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not sure you can fit 450' of 45#  copper on a CV 55L anyway.  Maybe you can with very minimal backing..... I have 400 on a clarion 553 and that thing is packed full

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not sure you can fit 450' of 45#  copper on a CV 55L anyway.  Maybe you can with very minimal backing..... I have 400 on a clarion 553 and that thing is packed full

 

No problem. On an Okuma Convector 55 or Catalina 553 you can fit 450' of Blood run 45# copper w/ 250' of 50# Blood Run Braid.

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you can just add stinger dive bombs to your 10 color.

 

 

Yep, Dive Bombs or Snap Weights.

Used Snaps Memorial weekend at Wilson, running lead off the boards.

Figured to be about 80 down, and those set-ups we taking as many hits as the riggers I had down at that depth.

Edited by Fish Hunter

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No problem. On an Okuma Convector 55 or Catalina 553 you can fit 450' of Blood run 45# copper w/ 250' of 50# Blood Run Braid.

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There were some depth measurement tests done a couple of weeks ago on 27lb leadcore using a SmartTroll.   All of the different coppers were successfully measured in depth out to 500+ feet of line.   When the leadcore was measured, it failed to produce a reading beyond 10 colors of lead at 2.5gps speed.   The leadcore flatlined out behind the boat and the transducer could no longer communicate with the depth measurement probe.   When reeled back in from 11-20 colors of lead, the readings then began again.

 

The theory, as discussed often by many, is that leadcore suffers from the scuba diver effect, whereas scuba divers must attach heavy lead weights to themselves proportionate to their own body weight, in order to be able to dive down to certain depths and maintain at those depths. Any less weight and the diver rises back up, or fails to reach the desired depth in the first place.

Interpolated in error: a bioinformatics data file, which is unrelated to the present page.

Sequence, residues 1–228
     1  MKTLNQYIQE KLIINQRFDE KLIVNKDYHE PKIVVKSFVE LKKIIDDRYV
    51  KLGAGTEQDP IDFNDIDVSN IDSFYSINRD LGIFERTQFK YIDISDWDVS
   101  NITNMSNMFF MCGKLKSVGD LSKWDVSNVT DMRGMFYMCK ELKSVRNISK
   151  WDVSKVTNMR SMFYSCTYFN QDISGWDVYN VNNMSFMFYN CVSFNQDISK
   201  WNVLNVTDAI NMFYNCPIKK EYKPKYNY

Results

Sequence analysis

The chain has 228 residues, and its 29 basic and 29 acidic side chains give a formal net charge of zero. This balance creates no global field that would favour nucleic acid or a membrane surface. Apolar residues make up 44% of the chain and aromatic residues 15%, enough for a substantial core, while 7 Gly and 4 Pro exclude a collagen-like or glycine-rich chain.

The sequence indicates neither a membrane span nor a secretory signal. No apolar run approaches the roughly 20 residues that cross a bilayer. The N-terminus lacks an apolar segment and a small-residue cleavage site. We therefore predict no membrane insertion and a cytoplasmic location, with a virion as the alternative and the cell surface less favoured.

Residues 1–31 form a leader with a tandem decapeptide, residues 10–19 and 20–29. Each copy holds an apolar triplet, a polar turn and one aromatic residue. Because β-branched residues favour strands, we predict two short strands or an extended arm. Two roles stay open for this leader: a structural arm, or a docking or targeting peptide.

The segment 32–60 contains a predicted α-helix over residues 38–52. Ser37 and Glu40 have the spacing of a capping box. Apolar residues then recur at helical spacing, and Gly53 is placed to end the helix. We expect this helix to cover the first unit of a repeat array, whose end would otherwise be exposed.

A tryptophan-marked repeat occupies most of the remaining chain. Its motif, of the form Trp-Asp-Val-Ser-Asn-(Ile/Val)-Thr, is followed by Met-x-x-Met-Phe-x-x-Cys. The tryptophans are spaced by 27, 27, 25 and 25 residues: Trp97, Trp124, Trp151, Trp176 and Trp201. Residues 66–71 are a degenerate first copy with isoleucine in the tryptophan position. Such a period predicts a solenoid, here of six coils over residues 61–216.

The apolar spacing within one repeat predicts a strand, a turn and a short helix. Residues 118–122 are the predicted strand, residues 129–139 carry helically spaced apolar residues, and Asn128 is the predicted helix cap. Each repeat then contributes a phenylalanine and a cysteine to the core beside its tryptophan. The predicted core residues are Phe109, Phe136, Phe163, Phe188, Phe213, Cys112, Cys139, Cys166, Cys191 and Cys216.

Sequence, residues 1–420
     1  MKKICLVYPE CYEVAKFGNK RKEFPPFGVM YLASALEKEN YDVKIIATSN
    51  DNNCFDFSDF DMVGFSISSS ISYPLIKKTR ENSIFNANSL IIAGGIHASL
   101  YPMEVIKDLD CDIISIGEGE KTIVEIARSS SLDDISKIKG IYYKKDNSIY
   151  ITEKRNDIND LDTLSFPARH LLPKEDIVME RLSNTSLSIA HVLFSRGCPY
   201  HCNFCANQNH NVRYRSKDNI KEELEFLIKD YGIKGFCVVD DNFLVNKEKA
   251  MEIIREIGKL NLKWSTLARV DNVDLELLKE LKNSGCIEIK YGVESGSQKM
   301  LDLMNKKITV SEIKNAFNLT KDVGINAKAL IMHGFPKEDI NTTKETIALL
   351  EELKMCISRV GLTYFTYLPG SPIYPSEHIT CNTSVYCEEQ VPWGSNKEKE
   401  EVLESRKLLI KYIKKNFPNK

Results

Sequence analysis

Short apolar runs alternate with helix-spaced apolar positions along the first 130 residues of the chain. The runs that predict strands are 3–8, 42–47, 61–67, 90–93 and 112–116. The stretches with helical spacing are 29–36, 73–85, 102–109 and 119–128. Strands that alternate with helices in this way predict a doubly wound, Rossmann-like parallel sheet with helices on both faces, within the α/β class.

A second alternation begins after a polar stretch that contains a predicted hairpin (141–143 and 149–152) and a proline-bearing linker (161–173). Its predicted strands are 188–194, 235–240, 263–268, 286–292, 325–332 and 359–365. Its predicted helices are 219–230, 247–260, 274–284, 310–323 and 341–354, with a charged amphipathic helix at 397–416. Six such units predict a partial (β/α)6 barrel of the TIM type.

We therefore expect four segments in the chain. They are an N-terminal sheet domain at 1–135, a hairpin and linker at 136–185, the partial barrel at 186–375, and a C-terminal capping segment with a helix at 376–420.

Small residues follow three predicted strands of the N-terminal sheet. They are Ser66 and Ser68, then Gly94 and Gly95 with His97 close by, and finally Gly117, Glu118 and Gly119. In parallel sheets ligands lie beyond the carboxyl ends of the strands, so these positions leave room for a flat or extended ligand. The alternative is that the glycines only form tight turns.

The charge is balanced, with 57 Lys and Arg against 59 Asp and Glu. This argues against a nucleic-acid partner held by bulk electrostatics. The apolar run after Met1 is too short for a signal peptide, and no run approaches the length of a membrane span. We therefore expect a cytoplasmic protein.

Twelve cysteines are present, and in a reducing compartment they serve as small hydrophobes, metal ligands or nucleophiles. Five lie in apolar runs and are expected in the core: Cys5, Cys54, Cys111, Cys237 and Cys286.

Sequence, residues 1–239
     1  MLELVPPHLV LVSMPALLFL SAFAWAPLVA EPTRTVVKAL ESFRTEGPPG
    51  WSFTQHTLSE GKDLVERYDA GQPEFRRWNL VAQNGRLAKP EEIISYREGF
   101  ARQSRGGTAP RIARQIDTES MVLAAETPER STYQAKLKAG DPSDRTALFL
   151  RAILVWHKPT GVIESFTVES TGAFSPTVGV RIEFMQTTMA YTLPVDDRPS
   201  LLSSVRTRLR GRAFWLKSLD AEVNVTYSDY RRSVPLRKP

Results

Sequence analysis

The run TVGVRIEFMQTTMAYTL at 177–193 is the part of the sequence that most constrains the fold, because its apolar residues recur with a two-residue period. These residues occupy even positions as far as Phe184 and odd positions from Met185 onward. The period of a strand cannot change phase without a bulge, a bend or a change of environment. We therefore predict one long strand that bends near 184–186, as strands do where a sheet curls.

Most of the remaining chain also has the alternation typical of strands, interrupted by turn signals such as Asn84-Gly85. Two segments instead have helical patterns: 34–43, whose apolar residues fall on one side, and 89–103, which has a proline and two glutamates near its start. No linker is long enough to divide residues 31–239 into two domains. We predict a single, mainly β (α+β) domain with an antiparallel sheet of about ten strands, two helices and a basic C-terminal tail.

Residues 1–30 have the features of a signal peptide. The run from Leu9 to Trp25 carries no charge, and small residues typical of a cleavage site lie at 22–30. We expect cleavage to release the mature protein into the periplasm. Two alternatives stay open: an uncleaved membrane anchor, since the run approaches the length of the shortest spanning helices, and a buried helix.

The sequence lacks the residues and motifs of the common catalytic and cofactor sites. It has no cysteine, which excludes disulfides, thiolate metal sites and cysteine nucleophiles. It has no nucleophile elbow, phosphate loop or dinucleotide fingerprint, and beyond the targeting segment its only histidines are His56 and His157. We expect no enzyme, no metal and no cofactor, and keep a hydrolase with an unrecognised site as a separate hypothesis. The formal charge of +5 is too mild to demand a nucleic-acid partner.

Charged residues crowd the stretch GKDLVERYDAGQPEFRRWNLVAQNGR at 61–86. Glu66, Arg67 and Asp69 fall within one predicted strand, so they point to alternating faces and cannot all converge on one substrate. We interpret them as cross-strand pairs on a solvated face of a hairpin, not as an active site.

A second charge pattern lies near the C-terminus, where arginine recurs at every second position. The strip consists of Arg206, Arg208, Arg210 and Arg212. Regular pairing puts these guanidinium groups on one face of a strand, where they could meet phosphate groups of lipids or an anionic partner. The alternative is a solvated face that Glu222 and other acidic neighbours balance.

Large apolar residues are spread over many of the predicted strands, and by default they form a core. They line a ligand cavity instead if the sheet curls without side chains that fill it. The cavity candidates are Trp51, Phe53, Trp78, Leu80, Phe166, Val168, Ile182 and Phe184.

Dacron sheath leadcore absorbs water and when working in conjunction with the lead "core" becomes neutral buoyant around 40 feet down, on a straight line troll at 2.5 gps speed.   If you stop, or turn, leadcore will sink eventually to the bottom, albeit slowly.   But under "tow" at trolling speed...37' was the deepest the readings were able to produce no matter how much leadcore was deployed beyond ten colors.

 

We actually tested this theory a number of years ago based upon a similar discussion.   We put out a 20 color and cut across the back of our boat at an estimated 500-600' distance with another boat and regularly "caught" the 20 color with our downrigger....set at 40 feet.

 

Scuba divers need weights because of buoyancy (they have air in their lungs and tanks which is lighter than the water they displace so they float).

 

Lead core would sink to the bottom of the lake at a standstill no matter how much line you let out (thus it's not the "scuba diver effect" or neutral buoyancy). However, when trolling it hits a point where it flat lines under water b/c the resistance of all that line is more than the ability to sink and the lead core line is connected to the boat which acts as a force pulling the line upward, not downward. This is different than the scuba diver situation and neutral buoyancy.

 

A better analogy to the lead core eventually flatlining, is explained when you troll a spoon on the surface using mono line. At 0.1 mph it'll probably troll a few feet underwater. However at 2.5mph it's bouncing on the top of the water. The boat is pulling it upward and the weight of the spoon is overcome by the resistance of the water so it's higher in the water column.

 

This same theory holds true with copper, downriggers and blow back, divers, etc.

 

Just my two pennies,

 

Chris